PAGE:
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Title: A randomized, controlled study of a simple, once-daily regimen of dihydroartemisinin-piperaquine for the treatment of uncomplicated, multidrug-resistant falciparum malaria
Authors: Elizabeth A. Ashley
Rose McGready
Robert Hutagalung
Lucy Phaiphun
Thra Slight
Stephane Proux
Kyaw Lay Thwai
Marion Barends
Sornchai Looareesuwan
Nicholas J. White
François Nosten
Shoklo Malaria Research Unit
Mahidol University
Churchill Hospital
Keywords: Medicine
Issue Date: 15-Aug-2005
Citation: Clinical Infectious Diseases. Vol.41, No.4 (2005), 425-432
Abstract: Background. Dihydroartemisinin-piperaquine (DP) is a fixed-combination antimalarial drug increasingly deployed in Southeast Asia. The current regimen involves 4 doses given over 3 days. Simplification of the dose regimen should facilitate treatment adherence and thereby increase effectiveness. Methods. In a randomized, controlled, 3-arm trial conducted along the northwestern border of Thailand, the standard 4-dose course of DP (DP4) was compared to an equivalent dose given as a once-daily regimen (DP3) and to the standard treatment of mefloquine-artesunate (MASS). Results. A total of 499 patients were included in the study. Times to fever and parasite clearance were similar in all groups. The PCR genotyping-adjusted cure rates at day 63 after treatment initiation were 95.7% (95% confidence interval [95% CI], 92.2%-98.9%) for MASS, 100% for DP4, and 99.4% (95% CI, 98.1%-100%) for DP3. The DP4 and DP3 cure rates were significantly higher than that for MAS3 (P = .008 and P = .03, respectively). All regimens were well tolerated. There were 3 deaths (1 in the MASS group and 2 in the DPS group), all of which were considered to be unrelated to treatment. Rates of other adverse events were comparable between the groups, except for diarrhea, which was more common in the DP4 group (P = .05 vs. the MAS3 group). Conclusions. A once-daily, 3-dose regimen of DP is a highly efficacious treatment for multidrug-resistant falciparum malaria. This simple, safe, and relatively inexpensive fixed combination could become the treatment of choice for falciparum malaria. © 2005 by the Infectious Diseases Society of America. All rights reserved.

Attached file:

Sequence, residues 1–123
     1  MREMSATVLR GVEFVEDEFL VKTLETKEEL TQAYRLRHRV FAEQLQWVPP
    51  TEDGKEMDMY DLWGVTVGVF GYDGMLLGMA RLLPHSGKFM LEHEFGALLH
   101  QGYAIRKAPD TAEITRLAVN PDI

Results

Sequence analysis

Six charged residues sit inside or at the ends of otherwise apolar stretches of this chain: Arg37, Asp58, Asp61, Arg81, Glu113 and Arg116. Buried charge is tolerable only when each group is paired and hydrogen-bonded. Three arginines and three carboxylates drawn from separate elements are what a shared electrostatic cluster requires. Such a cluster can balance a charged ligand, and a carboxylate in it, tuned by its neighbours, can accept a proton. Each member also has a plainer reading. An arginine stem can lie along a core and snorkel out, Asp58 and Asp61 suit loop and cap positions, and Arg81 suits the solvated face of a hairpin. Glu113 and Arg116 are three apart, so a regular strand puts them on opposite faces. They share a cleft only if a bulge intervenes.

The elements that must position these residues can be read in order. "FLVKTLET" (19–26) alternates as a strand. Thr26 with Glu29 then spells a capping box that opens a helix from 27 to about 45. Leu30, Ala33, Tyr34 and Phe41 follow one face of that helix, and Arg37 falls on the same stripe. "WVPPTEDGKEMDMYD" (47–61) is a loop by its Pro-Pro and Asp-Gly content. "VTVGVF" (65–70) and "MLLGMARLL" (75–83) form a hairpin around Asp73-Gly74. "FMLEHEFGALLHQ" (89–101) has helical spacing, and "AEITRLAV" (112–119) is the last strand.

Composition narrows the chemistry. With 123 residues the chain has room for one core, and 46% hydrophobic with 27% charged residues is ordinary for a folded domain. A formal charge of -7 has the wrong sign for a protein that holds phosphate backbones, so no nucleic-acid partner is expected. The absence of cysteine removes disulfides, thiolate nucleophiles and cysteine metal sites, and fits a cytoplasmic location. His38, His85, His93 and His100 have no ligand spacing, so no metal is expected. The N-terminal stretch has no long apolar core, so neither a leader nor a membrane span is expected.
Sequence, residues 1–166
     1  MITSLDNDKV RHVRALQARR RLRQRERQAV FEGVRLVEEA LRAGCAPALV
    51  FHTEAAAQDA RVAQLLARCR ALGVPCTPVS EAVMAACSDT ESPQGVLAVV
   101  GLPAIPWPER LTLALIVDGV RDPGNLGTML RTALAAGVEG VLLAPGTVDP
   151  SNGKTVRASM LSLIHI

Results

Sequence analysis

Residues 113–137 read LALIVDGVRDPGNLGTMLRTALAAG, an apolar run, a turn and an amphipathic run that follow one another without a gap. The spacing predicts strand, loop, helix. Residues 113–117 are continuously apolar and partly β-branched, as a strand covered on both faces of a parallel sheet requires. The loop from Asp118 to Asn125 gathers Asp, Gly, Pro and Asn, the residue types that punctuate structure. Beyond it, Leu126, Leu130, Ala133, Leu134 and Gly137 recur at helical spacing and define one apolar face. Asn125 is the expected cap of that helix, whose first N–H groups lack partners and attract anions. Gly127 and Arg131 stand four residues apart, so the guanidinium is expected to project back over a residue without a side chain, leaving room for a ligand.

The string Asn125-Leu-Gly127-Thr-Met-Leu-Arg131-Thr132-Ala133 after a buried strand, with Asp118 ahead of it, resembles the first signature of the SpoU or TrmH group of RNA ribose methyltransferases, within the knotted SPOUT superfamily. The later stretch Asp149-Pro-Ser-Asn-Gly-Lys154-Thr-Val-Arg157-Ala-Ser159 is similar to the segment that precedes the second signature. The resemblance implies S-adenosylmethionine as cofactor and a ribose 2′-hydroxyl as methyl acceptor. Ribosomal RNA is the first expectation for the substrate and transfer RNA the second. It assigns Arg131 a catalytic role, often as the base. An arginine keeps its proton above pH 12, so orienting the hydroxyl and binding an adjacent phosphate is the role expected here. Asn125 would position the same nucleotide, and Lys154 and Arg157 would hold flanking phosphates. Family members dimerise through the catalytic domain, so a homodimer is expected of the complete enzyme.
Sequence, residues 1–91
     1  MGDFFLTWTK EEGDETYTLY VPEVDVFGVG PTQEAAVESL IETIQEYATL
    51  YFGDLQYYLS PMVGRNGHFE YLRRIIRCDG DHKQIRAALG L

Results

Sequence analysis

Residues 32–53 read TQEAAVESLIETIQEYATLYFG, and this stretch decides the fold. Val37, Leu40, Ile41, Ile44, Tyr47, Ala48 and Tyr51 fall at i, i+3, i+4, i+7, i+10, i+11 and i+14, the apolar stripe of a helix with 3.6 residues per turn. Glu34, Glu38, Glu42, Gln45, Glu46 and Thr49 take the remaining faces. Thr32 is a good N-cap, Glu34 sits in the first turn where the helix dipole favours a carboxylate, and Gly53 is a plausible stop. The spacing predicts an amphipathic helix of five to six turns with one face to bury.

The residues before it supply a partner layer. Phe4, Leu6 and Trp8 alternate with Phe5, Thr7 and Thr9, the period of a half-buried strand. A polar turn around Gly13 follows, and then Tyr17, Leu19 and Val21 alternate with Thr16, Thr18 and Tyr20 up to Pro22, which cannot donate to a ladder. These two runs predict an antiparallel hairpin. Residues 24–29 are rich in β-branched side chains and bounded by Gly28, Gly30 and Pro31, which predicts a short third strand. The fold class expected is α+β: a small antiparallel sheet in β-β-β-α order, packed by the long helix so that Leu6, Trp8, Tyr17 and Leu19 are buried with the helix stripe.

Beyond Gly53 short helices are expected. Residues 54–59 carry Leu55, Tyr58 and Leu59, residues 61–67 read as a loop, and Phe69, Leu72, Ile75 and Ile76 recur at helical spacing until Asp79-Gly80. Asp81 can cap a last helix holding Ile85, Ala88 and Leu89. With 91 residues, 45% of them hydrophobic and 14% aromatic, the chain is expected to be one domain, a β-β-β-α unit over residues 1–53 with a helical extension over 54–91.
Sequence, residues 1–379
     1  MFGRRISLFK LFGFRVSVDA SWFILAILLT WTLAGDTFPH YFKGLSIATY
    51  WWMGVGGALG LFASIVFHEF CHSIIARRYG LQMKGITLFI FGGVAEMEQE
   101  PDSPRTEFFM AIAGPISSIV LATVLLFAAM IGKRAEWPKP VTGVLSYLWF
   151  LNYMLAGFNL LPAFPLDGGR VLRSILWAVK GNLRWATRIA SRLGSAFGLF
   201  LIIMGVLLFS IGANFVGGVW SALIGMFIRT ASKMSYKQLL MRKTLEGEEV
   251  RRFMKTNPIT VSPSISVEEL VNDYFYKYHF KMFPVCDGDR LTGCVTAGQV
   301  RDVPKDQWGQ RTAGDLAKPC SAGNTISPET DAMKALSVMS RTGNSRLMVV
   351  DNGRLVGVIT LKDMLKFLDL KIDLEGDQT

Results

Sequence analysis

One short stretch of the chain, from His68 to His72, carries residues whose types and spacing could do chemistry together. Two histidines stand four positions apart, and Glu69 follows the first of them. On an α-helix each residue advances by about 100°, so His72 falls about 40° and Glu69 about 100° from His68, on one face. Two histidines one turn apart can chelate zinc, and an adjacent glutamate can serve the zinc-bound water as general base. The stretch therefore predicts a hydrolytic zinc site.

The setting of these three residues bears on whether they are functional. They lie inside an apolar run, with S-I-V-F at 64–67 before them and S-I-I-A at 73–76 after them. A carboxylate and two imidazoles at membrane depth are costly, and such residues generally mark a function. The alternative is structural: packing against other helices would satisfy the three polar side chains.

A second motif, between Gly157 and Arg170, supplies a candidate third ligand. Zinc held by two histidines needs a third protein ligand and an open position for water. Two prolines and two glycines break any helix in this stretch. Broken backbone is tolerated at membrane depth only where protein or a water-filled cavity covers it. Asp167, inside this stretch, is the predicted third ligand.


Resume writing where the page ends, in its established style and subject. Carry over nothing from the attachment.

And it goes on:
ISSN: 10584838
Appears in Collections:Scopus 2001-2005

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